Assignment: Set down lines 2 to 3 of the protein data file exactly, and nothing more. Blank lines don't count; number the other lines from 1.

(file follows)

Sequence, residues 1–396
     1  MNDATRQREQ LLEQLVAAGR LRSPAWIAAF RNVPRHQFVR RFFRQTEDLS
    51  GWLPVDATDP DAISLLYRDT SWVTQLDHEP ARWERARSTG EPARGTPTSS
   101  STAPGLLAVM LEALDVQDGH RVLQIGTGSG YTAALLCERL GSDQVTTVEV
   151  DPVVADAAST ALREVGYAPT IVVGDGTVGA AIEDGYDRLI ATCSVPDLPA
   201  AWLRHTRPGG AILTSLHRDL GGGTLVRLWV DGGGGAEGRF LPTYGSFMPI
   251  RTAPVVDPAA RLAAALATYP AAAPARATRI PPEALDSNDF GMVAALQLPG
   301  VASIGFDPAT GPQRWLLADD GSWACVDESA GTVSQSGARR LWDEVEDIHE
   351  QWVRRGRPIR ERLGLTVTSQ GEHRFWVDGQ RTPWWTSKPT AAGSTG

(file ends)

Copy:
     1  MNDATRQREQ LLEQLVAAGR LRSPAWIAAF RNVPRHQFVR RFFRQTEDLS
    51  GWLPVDATDP DAISLLYRDT SWVTQLDHEP ARWERARSTG EPARGTPTSS